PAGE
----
Cracker Barrel Old Country Store is using the reopening of its dining rooms to move forward with initiatives that were under development long before the coronavirus pandemic, including the rollout of a new menu and a sales test of alcoholic beverages.
The retro-themed full-service chain is also developing what it calls a digital store where patrons can shop for Cracker Barrel’s food and retail items, and is planning to open 15 units of Maple Street Biscuit Co., its small sister chain.
The moves come after a third quarter in which the all-company-operated chain lost $162 million, compared with a year-ago net profit of $50.4 million. Revenues fell 41.5%, to $432.5 million. Same-store restaurant sales for the week ended May 29 were down 45%, and gift shop sales were down 38%.
Still, said CFO Jill Golder, “Investing in Cracker Barrel will remain a capital allocation priority. Although we are focused on cash conservation in the near term, we will be making prudent investments in our menu evolution initiative, our beer and wine program, our digital strategy and our point-of-sale system.”
Golder said 505 Cracker Barrel units have resumed dining-room operations and that the other 159 branches are expected to offer sit-down service again by the end of June. All 664 units have remained open through the pandemic and are generating a positive cash flow, she added.
Seventy percent of furloughed employees have returned to work, said CEO Sandy Cochran.
But “it will likely be some time” before all social-distancing restrictions are lifted and stores can return to full operation, said Golder.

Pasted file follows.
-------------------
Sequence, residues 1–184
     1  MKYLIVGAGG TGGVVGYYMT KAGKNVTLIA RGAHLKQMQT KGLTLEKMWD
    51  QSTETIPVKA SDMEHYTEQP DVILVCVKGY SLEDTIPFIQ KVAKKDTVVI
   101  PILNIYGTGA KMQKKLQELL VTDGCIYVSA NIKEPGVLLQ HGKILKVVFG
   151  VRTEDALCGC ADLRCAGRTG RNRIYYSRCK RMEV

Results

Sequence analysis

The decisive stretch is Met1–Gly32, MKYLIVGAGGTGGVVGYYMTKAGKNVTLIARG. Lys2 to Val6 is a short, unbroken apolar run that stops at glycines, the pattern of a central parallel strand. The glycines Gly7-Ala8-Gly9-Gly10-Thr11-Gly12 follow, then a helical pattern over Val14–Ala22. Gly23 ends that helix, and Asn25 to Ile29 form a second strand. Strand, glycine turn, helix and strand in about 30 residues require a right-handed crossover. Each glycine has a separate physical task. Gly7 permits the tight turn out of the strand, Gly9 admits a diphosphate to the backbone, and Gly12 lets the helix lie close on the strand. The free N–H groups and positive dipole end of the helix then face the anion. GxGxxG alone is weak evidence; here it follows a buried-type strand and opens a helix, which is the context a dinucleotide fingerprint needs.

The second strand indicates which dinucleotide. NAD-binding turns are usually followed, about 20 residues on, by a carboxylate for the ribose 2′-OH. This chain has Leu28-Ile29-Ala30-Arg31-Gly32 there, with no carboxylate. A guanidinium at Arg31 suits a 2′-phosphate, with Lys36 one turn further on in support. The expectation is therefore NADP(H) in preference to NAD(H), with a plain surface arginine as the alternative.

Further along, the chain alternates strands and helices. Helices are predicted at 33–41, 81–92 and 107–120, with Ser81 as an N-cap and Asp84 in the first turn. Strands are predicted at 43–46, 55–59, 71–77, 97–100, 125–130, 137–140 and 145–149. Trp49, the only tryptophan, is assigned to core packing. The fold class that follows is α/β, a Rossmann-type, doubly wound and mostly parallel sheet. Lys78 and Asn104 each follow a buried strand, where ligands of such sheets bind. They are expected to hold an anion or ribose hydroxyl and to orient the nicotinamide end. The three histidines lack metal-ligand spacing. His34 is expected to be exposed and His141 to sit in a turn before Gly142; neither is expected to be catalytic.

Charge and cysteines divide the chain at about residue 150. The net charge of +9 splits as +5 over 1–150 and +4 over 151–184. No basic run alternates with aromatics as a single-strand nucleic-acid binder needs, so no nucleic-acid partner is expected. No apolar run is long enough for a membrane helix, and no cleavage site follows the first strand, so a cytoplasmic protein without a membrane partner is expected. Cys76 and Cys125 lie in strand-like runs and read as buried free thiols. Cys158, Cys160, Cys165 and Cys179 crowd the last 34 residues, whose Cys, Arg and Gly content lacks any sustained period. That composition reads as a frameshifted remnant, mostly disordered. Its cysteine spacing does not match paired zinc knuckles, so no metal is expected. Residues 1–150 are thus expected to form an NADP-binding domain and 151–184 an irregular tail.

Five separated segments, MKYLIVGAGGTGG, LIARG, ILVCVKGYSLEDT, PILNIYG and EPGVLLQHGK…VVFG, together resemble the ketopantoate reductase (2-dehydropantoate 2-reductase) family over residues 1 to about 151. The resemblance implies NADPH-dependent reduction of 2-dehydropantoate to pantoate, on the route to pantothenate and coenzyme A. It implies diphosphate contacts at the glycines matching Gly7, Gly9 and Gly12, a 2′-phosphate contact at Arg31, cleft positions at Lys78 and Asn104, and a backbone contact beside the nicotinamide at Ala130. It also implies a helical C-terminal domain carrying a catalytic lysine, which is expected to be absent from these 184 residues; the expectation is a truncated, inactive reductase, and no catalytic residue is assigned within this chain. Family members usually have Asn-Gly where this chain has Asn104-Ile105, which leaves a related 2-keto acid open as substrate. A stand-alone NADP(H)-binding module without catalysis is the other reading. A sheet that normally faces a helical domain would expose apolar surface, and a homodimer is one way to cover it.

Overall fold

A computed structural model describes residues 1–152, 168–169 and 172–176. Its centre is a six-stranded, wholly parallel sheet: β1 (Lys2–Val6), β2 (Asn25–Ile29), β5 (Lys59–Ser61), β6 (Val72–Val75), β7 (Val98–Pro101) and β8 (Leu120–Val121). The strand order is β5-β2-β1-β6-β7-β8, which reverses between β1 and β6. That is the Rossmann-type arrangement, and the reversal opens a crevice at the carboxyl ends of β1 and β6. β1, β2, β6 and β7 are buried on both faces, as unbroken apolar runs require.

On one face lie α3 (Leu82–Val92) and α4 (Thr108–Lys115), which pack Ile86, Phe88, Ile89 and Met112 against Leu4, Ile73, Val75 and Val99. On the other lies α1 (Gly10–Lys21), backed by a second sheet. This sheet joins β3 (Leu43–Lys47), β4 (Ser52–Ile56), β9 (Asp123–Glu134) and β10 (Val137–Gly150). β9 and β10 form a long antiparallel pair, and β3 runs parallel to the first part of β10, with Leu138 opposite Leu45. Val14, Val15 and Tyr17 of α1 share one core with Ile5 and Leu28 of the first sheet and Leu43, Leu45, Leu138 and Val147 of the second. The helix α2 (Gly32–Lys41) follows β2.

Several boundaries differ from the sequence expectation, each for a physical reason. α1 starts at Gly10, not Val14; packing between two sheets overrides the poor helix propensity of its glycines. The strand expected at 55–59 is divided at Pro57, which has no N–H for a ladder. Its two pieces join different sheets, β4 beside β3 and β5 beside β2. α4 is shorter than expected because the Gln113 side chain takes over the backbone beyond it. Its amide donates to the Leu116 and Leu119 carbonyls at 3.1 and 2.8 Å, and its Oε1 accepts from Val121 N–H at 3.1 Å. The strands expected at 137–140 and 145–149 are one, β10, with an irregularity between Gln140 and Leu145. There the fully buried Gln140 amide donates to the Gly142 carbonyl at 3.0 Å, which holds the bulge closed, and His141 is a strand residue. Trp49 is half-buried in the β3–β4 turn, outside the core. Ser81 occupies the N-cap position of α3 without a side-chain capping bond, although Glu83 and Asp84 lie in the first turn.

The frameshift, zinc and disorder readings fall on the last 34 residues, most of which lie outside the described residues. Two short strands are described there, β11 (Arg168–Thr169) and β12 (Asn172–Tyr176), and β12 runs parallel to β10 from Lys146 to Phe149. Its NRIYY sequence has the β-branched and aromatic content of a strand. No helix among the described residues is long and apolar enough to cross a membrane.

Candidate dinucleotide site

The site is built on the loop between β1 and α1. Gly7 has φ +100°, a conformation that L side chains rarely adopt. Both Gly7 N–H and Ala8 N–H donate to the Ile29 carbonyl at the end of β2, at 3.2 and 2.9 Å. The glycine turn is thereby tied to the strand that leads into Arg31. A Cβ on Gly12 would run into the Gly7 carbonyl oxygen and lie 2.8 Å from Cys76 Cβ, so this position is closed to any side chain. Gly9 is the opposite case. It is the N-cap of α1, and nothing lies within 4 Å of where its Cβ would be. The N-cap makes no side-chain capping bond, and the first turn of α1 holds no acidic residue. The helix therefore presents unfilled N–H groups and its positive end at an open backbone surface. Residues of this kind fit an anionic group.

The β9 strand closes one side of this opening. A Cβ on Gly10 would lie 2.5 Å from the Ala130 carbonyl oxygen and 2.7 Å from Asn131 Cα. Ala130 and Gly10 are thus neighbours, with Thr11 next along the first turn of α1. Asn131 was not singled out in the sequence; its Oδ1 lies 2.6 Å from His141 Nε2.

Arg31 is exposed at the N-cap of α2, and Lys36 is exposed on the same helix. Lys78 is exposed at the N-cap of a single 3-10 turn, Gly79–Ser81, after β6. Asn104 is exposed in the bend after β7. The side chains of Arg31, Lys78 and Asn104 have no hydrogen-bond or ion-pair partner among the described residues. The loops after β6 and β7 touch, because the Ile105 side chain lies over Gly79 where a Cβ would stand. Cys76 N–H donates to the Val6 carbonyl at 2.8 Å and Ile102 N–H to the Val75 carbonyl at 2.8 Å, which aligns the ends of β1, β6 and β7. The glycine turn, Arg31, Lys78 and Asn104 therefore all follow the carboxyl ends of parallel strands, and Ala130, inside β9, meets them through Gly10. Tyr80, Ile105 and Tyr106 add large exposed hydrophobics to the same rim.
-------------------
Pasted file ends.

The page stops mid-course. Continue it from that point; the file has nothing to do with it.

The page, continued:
When they do, the stores will feature a smaller and simpler-to-execute menu than the lineup used before the pandemic. “It better highlights our signature offerings and abundance, value and variety,” said Cochrane.
Featured new items include a revamped chicken pot pie and Saturday Fried Pork Chops.
A menu of alcoholic beverages is currently being tested in 20 units within Florida. Included are popular beers, wines, a hard cider and two types of mimosas, orange and strawberry. Cochrane said of the mixed drinks, “It was surprising to me how popular they are.”
Neither she nor Golder provided details of the digital store.
As social-distancing restrictions are limited, Cracker Barrel is likely to face challenges and opportunities unique to the brand, the executives said.
For instance, “The geographic concentration of our stores has not been in parts of the country that were most impacted,” said Golder. In addition, “our interstate locations position us well in the event that families choose to take vacations by car this summer.”
But, she added, “our older guests may be more hesitant to return because they are at higher risk for COVID-19.”
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